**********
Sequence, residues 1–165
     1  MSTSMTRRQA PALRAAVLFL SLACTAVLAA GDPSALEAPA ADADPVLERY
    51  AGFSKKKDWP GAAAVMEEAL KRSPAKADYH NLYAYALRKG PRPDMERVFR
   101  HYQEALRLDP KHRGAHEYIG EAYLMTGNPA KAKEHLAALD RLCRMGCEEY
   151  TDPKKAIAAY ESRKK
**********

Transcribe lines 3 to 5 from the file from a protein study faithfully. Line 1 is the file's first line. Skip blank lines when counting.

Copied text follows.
    51  AGFSKKKDWP GAAAVMEEAL KRSPAKADYH NLYAYALRKG PRPDMERVFR
   101  HYQEALRLDP KHRGAHEYIG EAYLMTGNPA KAKEHLAALD RLCRMGCEEY
   151  TDPKKAIAAY ESRKK